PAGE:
NIH recommends that either casirivimab plus imdevimab (Regeneron) or sotrovimab (Vir) be used for the treatment of outpatients with mild to moderate COVID-19 who are at high risk of clinical progression. NIH recommends against the use of bamlanivimab plus etesevimab (Lilly) due to resistance from the Gamma and Beta variants. NIH now recommends that casirivimab plus imdevimab or sotrovimab be considered for patients with mild to moderate COVID-19 who are hospitalized for a reason other than COVID-19 if they otherwise meet the EUA criteria for outpatient treatment. The recommended monoclonal antibodies may also be considered for hospitalized patients with severe COVID-19, who have not developed an antibody response or who are not expected to mount an effective immune response to SARS-CoV-2 infection. The EUAs for casirivimab plus imdevimab or sotrovimab does not cover use in hospitalized patients, but the drugs may be available though an expanded access program.
NIH recommends against the use of low-titer COVID-19 convalescent plasma and the FDA has removed it from the EUA. NIH recommends against the use of high-titer COVID-19 convalescent plasma for the treatment of hospitalized patients with COVID-19 and normal immunity. For patients with impaired immunity, NIH found insufficient evidence for or against use. NIH also found insufficient evidence for or against use of high-titer COVID-19 convalescent plasma in non-hospitalized patients with COVDI-19.
Novavax will delay requesting an EUA until October 2021 to complete FDA requirements for its manufacturing process. Novavax plans to seek approval in September 2021 in the U.K., Canada and Australia. The company has already sought approval in India, Indonesia and the Philippines.
Novavax announced preliminary data demonstrating that a single booster dose of NVX-CoV2373, given six months after the initial two-dose regimen resulted in a 4.6-fold increase in antibody titers.
ACIP met to review the safety of the three COVID-19 vaccines that have received an EUA. The group recommended that the benefits of vaccination outweigh the risks for Guillain-Barré syndrome and thrombosis with thrombocytopenia syndrome after Janssen COVID-19 vaccination and myocarditis after mRNA (Pfizer-BioNTech and Moderna) COVID-19 vaccination.
In the 3,732 patient, Phase II/III TeenCOVE trial (NCT04649151), no cases of COVID-19 were reported among adolescents ages 12 to 17 years that received two doses of the Moderna COVID-19 vaccine compared to four cases in the placebo group in the adult Phase III COVE study. Efficacy was 93% when measured 14 days after the first dose. The vaccine was well tolerated with no serious adverse events.
In a four-month, 120 patient, Phase IV trial (NCT04885907), 55% of patients that received a third dose of the Moderna COVID-19 vaccine achieved at least 100 U/ml of anti–receptor-binding domain (RBD) compared to 18% that received only two doses in solid organ transplant patients that did not have a previous diagnosis of Covid-19. The percent virus neutralization was 71% in the three-dose group compared to 13% in the two-dose group.
The FDA amended the EUAs for both mRNA COVID-19 vaccines (Pfizer-BioNTech and Moderna) to allow for the use of a third dose in certain immunocompromised individuals.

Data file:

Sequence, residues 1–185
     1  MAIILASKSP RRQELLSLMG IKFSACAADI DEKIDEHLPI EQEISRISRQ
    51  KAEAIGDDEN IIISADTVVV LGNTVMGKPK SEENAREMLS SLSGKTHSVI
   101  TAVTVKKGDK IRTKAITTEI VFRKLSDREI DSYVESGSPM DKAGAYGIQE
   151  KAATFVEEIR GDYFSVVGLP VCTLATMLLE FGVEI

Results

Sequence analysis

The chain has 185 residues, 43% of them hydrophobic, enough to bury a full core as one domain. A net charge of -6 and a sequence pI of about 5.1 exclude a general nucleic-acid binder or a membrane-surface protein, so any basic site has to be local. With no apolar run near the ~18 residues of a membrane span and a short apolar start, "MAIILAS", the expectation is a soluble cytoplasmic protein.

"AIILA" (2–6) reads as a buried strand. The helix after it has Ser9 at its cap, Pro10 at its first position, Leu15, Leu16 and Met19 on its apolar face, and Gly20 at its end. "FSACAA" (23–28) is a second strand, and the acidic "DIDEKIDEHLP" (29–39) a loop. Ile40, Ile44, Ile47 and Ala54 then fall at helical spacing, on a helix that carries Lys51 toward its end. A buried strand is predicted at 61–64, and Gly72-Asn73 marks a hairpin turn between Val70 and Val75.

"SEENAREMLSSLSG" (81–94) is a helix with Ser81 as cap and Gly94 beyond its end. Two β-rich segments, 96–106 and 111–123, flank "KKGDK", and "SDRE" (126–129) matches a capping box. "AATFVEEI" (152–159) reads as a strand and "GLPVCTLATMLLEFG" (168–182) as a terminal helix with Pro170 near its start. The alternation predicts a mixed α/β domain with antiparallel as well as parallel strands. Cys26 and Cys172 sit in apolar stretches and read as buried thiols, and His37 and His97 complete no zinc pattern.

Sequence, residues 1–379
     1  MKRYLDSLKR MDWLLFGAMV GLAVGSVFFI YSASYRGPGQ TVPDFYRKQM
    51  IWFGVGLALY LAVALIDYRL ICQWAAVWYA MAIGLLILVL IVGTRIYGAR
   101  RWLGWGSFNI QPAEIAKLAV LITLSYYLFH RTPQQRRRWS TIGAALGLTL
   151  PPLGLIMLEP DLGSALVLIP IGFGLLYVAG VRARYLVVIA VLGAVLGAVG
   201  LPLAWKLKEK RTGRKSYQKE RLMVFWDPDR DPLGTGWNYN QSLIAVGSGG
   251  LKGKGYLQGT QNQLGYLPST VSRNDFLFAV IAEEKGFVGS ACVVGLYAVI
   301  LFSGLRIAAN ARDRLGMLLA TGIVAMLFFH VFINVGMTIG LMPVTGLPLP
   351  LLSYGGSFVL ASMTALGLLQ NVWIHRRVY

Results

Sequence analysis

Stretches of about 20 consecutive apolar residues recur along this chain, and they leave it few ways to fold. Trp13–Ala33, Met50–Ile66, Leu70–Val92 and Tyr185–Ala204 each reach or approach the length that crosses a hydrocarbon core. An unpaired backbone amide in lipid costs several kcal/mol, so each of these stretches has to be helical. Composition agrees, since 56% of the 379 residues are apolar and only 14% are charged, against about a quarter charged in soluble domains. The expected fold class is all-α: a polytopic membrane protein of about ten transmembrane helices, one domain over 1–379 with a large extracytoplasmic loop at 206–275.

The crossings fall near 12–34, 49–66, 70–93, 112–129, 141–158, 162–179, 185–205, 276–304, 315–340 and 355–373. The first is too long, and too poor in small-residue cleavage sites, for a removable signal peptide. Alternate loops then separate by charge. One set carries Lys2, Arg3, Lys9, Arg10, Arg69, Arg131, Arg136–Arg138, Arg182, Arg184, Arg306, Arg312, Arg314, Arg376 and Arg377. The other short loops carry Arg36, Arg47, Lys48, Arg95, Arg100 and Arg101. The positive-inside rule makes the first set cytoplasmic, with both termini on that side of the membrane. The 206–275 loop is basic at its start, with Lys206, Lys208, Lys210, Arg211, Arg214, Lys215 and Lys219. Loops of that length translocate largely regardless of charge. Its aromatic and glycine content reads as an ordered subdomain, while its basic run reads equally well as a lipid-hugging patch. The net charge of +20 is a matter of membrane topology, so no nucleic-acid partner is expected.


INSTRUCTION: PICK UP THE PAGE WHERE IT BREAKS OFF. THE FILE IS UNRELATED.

The 14-day, 263 patient, Phase III, ACTION trial (NCT04332107) was terminated early after an interim analysis failed to find an improvement in the number of ambulatory COVID-19 patients that were symptom free. There was also no difference in hospitalizations at 21-days.
A CDC investigation of a July 2019 COVID-19 outbreak in Massachusetts found breakthrough infections in fully vaccinated patients. The infections occurred in patients that had attend multiple large public gatherings that included travelers from many areas. This led the CDC to recommend that everyone wear masks, regardless of vaccination status, in indoor settings where there is a high risk of COVID-19 transmission.
In the 29-day, 1,505 patient, Phase III, PREVENTION trial (NCT04452318), symptomatic COVID-19 developed in 1.5% of patients that received a single subcutaneous injection of REGEN-COV (casirivimab and imdevimab) 1,200 mg compared to 7.8% of patients that received placebo in COVID-19 negative patients exposed to a COVID-19 positive patient in the same household. Among patients that became infected, treatment with REGEN-COV resulted in resolution of symptoms two-weeks earlier.
The FDA updated the EUA for Regeneron’s monoclonal antibody REGEN-COV to include post-exposure prophylaxis in people at high risk for progression to severe COVID-19, who are not fully vaccinated or are not expected to mount an adequate response to vaccination.
Lilly announced that in a sub-study of 101 COVID-19 patients that required mechanical ventilation or ECMO from the 1,525 patient, Phase III, COV-BARRIER trial (NCT04421027), mortality was 39.2% with baricitinib compared to 58% with placebo at 28 days and 45.1% vs 62% at day 60.
The FDA expanded the emergency use authorization for baricitinib to allow the drug to be used alone for the treatment of patients aged 2 years and older who are hospitalized with COVID-19 and require supplemental oxygen, mechanical ventilation or extracorporeal membrane oxygenation. Previously, baricitinib had to be administered with remdesivir when treating COVID-19.